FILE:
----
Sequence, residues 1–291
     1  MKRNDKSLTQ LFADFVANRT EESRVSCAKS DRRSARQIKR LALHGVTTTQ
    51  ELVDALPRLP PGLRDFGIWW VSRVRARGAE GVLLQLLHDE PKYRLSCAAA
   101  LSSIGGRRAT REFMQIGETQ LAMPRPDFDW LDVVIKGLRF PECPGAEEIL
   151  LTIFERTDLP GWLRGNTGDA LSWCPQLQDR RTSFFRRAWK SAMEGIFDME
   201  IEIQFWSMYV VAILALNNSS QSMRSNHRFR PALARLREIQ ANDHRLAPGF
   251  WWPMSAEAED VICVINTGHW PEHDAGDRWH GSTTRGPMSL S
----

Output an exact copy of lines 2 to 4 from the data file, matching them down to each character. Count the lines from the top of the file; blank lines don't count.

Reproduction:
     1  MKRNDKSLTQ LFADFVANRT EESRVSCAKS DRRSARQIKR LALHGVTTTQ
    51  ELVDALPRLP PGLRDFGIWW VSRVRARGAE GVLLQLLHDE PKYRLSCAAA
   101  LSSIGGRRAT REFMQIGETQ LAMPRPDFDW LDVVIKGLRF PECPGAEEIL